AUSTIN, Texas — Editor's note: An earlier version of this guide stated that there were seven candidates running for mayor and listed information about Erica Nix. However, as of Aug. 31, Nix has dropped out of the race.
The November election is here.
Aug. 22 was the deadline for candidates to file paperwork to run for mayor of Austin. Mayor Steve Adler has reached his term limit and cannot run for re-election. In August, he delivered his final "State of the City" address, which you can watch in full here.
Below is a bit about each of the six candidates whose names are on the ballot.
Bradshaw is a southeast Austin resident. On his paperwork, he listed his occupation as a security guard. According to his campaign Facebook page, his goal is to "make Austin better."
According to his campaign website, Campero Brual was raised in South Austin. He works three part-time jobs, as well as a legislative internship at the Texas State Capitol. He is also studying government and history at the University of Texas at Austin.
Campero Brual says he strives to be the "new face of Austin politics," and he wants Austin to "no longer be a city represented by out of touch millionaires who pretend to understand the real struggles of the people living and working in Austin."
According to her campaign website, Israel has been an Austinite since 1982. She graduated from the University of Texas at Austin and served in the Ann Richards administration before becoming a Realtor and, later, a member of the Texas House of Representatives.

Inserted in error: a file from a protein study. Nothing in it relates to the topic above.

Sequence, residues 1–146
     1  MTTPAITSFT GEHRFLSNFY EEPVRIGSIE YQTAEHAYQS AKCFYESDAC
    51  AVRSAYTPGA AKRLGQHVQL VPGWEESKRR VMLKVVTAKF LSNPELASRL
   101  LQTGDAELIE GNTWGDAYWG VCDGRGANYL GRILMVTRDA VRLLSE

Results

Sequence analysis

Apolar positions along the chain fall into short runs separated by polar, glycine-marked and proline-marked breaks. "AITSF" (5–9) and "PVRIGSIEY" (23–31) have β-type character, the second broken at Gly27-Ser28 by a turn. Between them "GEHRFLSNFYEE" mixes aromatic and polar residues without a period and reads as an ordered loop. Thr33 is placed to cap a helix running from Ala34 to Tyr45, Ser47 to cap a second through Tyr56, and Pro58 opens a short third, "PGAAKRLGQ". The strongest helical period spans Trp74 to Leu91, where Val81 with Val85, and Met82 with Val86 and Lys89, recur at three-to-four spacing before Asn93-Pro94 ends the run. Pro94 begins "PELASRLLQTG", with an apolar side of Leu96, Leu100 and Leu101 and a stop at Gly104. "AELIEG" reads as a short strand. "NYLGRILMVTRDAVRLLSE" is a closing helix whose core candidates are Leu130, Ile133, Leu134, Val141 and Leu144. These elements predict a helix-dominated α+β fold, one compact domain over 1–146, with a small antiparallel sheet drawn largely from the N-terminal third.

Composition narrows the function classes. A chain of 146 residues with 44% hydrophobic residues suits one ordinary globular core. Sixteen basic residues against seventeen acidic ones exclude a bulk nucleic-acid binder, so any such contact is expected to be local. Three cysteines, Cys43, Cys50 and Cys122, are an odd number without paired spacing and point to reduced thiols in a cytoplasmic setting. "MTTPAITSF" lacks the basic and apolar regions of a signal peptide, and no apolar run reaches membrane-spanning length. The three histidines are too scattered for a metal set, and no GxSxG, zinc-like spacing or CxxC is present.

Israel pledges to be a "mayor for ALL of Austin" and says that the city "deserves a mayor who works for the people who live here and who build the city around us: our teachers, construction workers, students, public service workers, artists, musicians, technologists, developers and so many more."
Spellman is the co-founder of Ultimate Face Cosmetics and the co-founder of the annual Peace, Love and Happiness Ride with John Paul DeJoria, founder of the Paul Mitchell line of hair products and a long-time friend of Spellman's.
Spellman says he is running for mayor of Austin to "represent those that don't see their values or priorities confined to strict party lines." He says his campaign is based on critical thinking and accountability, and that it's important to give voters an option of a "purple" party to reverse what he describes as the current "us versus them" political mentality.
Virden, a real estate broker, says that her business and management experience makes her the strongest candidate for mayor.
"It is the lack of experience and the lack of competent, common-sense leadership that has permitted our most serious problems to grow," she says on her campaign website.
Some of Virden's issues include lowering property tax bills, providing "needed funding" to the Austin Police Department and fully enforcing the public camping ban with no exceptions.
Watson is both a former Austin mayor and a former state senator. He says on his campaign website that his experience leading Austin for just over four years, in addition to his time in the Texas Legislature, proves that he is "successful in getting things done and creating transformational change."
Watson's main priorities include the city's rising cost of living, homelessness, systemic racism and transportation.
Austinites will choose their new mayor on Tuesday, Nov. 8. To see the candidates running for various city council seats, click here.
On Oct. 18, KVUE and the Austin American-Statesman hosted a debate between the six candidates vying to become Austin's next mayor. You can watch that debate in full below:
Britny Eubank on social media: Twitter
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